365 Days of Art

“Iconic Logic, Vivien Abrams, Paint and canvas on wood, 1977. 366 days of artwork : Day 13. Image courtesy of the Farinully Collection.

How’s your New Year’s Resolution going? And did it require the diligence of doing some specific thing every day for an entire year? Adam Tully’s 2024 commitment caught our attention on Facebook, which only makes sense, because that is where it is going to play out for the entirety of 2024: The art collector, bassist and librarian committed to posting 365 days of art.

Cat, by John W. Carlson (1954 – 2020). Oil on canvas, 2016. 366 days of artwork: Day 18. Image courtesy of the Farinully Collection.

He’s already doing a penitential double post, having missed a day due to illness.

But to be clear, what he means is 365 days of art from his own household’s collection. And technically, he says, it’s 366 days: 2024 is a leap year. As readers know, CAN loves to cheer on collectors. Tully and his husband John Farina—in addition to running the Maria Neil Art Project—are among the region’s most committed collectors of local art. In a Spring 2021 story, Christopher Johnston profiled the couple, who at that time estimated that they have between 600 and 700 works in their home, 85 percent of which—again an estimate—came from artists of Northeast Ohio. Tully says the number of works in the collection hasn’t changed much since then: They’ve run out of wall and storage space.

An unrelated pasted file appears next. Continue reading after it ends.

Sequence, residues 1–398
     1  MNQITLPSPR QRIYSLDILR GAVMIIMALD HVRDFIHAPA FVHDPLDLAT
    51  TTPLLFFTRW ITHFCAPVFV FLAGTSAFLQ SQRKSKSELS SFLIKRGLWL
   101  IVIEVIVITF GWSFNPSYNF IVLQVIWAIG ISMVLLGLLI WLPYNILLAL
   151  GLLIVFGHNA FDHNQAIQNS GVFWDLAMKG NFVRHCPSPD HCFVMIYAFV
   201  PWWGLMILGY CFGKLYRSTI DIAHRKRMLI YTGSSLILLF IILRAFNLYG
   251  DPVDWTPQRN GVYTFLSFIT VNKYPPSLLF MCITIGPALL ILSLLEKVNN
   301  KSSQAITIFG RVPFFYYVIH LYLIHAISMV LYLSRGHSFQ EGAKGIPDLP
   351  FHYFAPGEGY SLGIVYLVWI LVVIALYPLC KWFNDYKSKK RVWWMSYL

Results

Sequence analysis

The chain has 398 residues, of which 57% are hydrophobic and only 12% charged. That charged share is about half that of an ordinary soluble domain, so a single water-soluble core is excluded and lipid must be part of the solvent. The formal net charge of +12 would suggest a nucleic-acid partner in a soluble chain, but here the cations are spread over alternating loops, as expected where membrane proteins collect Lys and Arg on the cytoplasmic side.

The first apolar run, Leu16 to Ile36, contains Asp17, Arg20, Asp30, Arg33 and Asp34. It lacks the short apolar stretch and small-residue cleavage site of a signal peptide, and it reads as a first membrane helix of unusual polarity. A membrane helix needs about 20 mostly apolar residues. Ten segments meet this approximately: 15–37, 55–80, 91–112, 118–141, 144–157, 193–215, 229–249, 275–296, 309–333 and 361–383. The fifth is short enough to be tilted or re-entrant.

Athena, by Rick Rollenhagen. Carrara marble on wood base, 2022. 366 days of artwork : Day 14. Image courtesy of the Farinully Collection.

Part of his motivation for the project, he says, is to create an inventory—to have documentation that could be presented for insurance purposes should the need arise. “Heaven forbid we have a fire,” he said.

But it’s also about “giving flowers to the living artists that we still appreciate.” And that’s a good reason to watch the rest of the year continue to unfold.

“Stand, by Darius Steward. Ink on Yupo paper, 2016. 366 days of artwork: Day 15. Image courtesy of the Farinully Collection.

The opinions expressed on CAN Blog are those of the individual writers. Art is somewhat subjective. Well, somewhat. But yes, everybody's a critic.

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